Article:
7. English may be a North Germanic language
It may sound crazy, since anyone who’s ever studied the history of the English language will say that it is most definitely a West Germanic language, along with Dutch, German, and Afrikaans. However, a couple of Norwegian language professors did some digging and found that Middle English is very likely a mix of Old English and some Scandinavian languages. Since Modern English is a direct descendant of Middle English, that would make Modern English a Scandinavian, and therefore North Germanic, language. There is other evidence, such as shared vocabulary and grammar, and also the fact that the syntax of Scandinavian languages is more similar to that of English than other West Germanic languages. This would all explain why it is so easy for speakers of other North Germanic languages to learn and speak English.
8. The Scandinavian languages are mostly mutually intelligible
The Scandinavian languages are probably the most well-known of the North Germanic languages, and they are also the most mutually intelligible. However, it tends to be a bit one-sided. For example, Norwegian speakers are the best at understanding Swedish and Danish, while Swedish people have more issues understanding Danish. This could be due to the fact that Danish and Norwegian are more closely related than Swedish and the other Scandinavian languages. Even with these discrepancies, some linguists have proposed that there is really only one Scandinavian language, Scandinavian, and that Danish, Norwegian and Swedish function as dialects of that language. They are very similar and mostly mutually intelligible, but political borders prevent them from being viewed as dialects of the same language.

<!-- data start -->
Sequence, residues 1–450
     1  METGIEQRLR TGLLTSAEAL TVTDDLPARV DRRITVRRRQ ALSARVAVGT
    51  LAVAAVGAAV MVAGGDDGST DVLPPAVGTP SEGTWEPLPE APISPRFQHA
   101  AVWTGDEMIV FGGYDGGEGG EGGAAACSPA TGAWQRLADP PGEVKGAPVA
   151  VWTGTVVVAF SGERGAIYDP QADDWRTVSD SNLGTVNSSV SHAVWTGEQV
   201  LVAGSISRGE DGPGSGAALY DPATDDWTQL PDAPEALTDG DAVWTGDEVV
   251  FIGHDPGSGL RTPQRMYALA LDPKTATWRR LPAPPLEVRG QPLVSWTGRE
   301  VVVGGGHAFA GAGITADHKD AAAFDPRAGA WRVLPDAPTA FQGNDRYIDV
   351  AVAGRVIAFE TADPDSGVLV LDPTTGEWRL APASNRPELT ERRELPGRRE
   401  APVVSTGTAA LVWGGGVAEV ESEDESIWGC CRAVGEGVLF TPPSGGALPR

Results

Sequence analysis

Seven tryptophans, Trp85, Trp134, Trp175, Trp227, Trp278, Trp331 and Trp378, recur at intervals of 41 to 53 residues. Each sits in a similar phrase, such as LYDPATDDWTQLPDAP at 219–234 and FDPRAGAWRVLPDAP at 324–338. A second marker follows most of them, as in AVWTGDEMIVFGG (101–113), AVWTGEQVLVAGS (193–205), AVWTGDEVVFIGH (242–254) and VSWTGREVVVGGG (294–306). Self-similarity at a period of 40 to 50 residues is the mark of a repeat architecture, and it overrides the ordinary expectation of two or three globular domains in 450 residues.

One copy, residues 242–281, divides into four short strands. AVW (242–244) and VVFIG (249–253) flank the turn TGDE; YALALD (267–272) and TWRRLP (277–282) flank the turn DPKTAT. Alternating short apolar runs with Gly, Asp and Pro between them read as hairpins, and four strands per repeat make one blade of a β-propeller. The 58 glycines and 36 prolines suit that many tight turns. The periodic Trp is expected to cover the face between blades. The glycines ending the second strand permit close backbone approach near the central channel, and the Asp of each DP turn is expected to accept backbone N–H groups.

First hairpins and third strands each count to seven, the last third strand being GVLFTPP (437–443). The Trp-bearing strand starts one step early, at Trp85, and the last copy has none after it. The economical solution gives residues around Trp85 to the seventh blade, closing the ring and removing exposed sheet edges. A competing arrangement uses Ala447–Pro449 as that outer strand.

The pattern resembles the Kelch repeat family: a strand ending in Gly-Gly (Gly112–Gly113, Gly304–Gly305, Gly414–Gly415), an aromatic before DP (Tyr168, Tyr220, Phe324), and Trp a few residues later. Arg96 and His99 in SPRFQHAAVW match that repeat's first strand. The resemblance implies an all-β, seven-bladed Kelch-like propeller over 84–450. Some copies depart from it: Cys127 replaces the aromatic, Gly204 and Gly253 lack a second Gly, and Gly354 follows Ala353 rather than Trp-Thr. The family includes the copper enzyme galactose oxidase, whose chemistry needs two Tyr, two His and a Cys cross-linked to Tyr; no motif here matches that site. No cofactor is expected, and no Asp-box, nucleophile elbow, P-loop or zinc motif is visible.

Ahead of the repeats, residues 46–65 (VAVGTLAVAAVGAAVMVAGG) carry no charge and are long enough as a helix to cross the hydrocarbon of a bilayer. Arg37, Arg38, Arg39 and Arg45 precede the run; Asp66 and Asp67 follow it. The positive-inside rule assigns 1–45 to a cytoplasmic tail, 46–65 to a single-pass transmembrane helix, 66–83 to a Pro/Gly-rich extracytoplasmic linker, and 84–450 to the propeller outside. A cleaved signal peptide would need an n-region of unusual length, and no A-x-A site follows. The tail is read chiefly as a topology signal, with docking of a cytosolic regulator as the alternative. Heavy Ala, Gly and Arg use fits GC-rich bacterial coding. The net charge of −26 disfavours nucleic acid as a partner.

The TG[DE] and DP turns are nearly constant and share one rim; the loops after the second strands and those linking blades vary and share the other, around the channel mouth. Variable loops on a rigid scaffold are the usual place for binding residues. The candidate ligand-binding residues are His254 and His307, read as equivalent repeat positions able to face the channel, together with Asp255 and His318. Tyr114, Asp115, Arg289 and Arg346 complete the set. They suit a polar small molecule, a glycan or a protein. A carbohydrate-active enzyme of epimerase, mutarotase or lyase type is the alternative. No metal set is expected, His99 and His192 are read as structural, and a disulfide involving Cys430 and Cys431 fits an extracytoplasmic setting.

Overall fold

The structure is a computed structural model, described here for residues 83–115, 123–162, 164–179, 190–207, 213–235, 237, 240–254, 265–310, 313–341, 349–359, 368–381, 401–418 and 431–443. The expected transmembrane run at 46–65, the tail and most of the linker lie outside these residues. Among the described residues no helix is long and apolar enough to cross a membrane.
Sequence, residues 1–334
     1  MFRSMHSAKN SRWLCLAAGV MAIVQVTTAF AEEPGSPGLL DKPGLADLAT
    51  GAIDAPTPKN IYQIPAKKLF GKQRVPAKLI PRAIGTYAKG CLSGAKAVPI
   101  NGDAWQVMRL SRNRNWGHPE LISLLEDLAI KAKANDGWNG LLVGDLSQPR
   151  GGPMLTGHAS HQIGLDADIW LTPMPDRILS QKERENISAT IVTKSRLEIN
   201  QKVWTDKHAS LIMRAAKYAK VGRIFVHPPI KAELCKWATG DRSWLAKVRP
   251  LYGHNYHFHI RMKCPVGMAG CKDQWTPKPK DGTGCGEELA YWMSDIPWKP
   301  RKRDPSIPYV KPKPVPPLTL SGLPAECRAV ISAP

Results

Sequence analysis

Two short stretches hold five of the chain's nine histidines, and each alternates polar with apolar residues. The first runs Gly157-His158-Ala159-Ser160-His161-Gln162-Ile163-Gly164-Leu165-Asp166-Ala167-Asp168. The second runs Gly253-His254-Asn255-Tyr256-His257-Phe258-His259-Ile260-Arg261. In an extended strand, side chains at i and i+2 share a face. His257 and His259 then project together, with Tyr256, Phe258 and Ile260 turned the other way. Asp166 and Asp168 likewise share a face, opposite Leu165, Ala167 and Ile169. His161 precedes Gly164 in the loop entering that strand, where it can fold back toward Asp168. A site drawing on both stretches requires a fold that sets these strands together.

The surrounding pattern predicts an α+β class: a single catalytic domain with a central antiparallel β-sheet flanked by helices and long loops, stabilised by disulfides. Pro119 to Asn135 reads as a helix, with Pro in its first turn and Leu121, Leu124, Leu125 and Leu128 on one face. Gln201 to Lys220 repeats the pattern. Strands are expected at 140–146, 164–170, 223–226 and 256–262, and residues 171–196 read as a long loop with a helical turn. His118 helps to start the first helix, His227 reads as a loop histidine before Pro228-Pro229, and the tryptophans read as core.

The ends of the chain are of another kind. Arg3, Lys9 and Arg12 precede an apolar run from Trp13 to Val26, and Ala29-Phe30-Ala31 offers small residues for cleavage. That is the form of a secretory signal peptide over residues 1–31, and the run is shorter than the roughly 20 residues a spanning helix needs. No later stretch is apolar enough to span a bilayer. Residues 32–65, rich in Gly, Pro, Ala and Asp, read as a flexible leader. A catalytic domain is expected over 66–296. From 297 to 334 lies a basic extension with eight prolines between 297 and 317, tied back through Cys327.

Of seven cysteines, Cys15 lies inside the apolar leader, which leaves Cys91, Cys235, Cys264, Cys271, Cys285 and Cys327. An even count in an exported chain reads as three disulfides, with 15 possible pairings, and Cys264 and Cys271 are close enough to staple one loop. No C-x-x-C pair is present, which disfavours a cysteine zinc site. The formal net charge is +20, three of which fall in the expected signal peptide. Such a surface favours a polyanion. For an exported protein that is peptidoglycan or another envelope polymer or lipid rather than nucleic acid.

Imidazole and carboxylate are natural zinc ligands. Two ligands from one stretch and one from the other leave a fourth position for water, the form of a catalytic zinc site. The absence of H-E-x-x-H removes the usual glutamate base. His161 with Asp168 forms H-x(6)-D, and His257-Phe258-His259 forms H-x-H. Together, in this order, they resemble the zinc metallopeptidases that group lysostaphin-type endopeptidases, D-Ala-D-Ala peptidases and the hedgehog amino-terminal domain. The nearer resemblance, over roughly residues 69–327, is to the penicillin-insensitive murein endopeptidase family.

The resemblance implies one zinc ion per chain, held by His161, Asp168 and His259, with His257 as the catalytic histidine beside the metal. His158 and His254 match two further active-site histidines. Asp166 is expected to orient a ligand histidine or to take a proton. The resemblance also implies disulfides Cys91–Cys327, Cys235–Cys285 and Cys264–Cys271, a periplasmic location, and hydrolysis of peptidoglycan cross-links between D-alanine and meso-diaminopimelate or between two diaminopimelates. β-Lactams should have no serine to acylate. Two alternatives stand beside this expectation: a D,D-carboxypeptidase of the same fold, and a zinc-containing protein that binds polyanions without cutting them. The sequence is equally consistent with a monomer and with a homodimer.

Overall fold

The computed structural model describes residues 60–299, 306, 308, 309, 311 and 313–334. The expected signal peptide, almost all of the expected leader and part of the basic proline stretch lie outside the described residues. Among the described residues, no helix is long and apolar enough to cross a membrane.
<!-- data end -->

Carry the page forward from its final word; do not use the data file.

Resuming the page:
9. All North Germanic languages are related to Old Norse
Though Icelandic and Swedish may be quite different, they (and all other North Germanic languages) share a common ancestor: Old Norse. Old Norse is the language that was spoken by the people who lived in what is now Scandinavia, and the other areas settled by them, from the 9th to the 13th centuries approximately. It could be further divided into three main dialects: Old West Norse, Old East Norse, and Old Gutnish. There weren’t really any clear boundaries in terms of geography for the dialects, meaning that you could find characteristics of each one in different areas. It is thought that Old Norse started developing into the North Germanic languages sometime in the 14th century, though there are records of written Old Norse from the 15th century.
10. There is controversy in Norway over written forms of Norwegian
The controversy has gone on for a long time, but it has its roots in the fact that Norway was under Danish rule for about four centuries. This led to Danish being the official language in Norway for some time, and Danish was the written language of Norway during the time of Danish rule. The city dwelling upper class of Norway spoke a type of Danish that had Norwegian pronunciation rules, called Dano-Norwegian. Eventually, this became one of the official languages of Norway, evolving into the Norwegian dialect known as Bokmål. The other Norwegian written language is called Nynorsk and is based on Norwegian dialects, but it is not as accepted as Bokmål, as it could be seen as opposing the Danish influenced Bokmål.